Now Reading: January, 2011
Literary Mamas are curling up with these irresistible titles. Enjoy!
Download the list to find it fast at your local bookstore or library.
Suzanne Kamata, Fiction Co- Editor, recommends
Witness, an essay collection by literary papa Curtis Smith. “These essays brim with intelligence and beauty. Whether writing about a murdered student, the photographs of Diane Arbus, or a three-year-old pirate boy riding a tricycle naked through the house, Smith delves tenderly and thoughtfully into life’s mysteries.”
Kristina Riggle, Fiction Co-Editor, says, “I’m reading one of my Christmas gifts, My Life In France by Julia Child with Alex Prud’homme, her great-nephew, as collaborator. Julia Child, one of the most famous chefs in the world, didn’t even know what shallots were when she arrived in France at the age of 36. Thirty-six! That’s my age! In this youth-obsessed culture it’s easy to feel over the hill before you even have crow’s feet, but this delicious, inspiring memoir proves that it’s hardly too late to find your passion.”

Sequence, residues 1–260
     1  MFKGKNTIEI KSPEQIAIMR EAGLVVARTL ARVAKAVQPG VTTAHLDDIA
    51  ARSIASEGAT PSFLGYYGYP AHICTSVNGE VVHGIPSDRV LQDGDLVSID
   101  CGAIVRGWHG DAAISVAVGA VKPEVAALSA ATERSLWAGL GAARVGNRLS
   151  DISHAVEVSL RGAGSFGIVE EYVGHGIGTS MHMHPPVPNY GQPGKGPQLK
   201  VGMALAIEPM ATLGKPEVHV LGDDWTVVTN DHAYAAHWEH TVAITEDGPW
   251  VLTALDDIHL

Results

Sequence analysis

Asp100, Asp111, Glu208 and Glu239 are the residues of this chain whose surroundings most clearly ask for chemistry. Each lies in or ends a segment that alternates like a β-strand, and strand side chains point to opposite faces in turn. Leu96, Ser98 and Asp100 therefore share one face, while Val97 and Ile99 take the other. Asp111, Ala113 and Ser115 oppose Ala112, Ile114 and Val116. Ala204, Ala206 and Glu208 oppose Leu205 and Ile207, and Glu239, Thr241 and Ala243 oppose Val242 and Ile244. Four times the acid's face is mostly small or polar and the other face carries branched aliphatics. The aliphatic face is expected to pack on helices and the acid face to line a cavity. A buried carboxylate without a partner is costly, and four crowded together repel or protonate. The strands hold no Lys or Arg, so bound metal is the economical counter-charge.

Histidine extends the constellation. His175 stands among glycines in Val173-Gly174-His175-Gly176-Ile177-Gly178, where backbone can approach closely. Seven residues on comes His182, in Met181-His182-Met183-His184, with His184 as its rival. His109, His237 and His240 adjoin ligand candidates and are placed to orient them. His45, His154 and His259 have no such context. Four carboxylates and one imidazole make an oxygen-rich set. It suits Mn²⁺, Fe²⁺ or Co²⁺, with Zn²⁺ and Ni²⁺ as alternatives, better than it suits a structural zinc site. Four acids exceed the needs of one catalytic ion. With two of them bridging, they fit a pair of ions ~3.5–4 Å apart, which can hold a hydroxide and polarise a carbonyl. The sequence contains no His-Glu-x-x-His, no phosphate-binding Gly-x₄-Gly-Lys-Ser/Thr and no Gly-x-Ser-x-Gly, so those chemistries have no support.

Jessica Devoe Riley, E-Zine Co-Editor, writes, “I’m currently enjoying Everything is Illuminated by Jonathan Safran Foer. The novel features Jonathan, a Jewish American man visiting the Ukraine to research information about the woman who saved his grandfather from the Nazis. This would be a heavy, dramatic read if not for the presence of Jonathan’s Ukrainian translator, Alex, self-pronounced lover of women, fan of American pop culture, and misguided speaker of the English language. The book gives new meaning to the phrase ‘lost in translation’ with funny results. Side-splittingly funny.”
Creative Non-Fiction Co-Editor, Kate Hass, shares, “I’m currently riveted by Emma Donoghue’s new novel, Room: A Novel. Five-year-old Jack lives in a single room with his mother; its 11-foot walls are the boundaries of their world. As far as Jack knows, everything he sees on TV is made-up or happens on other planets. Only the objects in their room — which he invests with unique personalities – are ‘real.’ But as the novel unfolds, the true situation becomes chillingly clear. Donoghue gets inside the head of a small child better than any author I can think of, and the way Jack’s voice matter-of-factly details the everyday routine inside Room is a testament not only to her powers as a writer but to the character of Jack’s mother, who has devised a way to successfully raise her son while shielding him from their horrific circumstances.”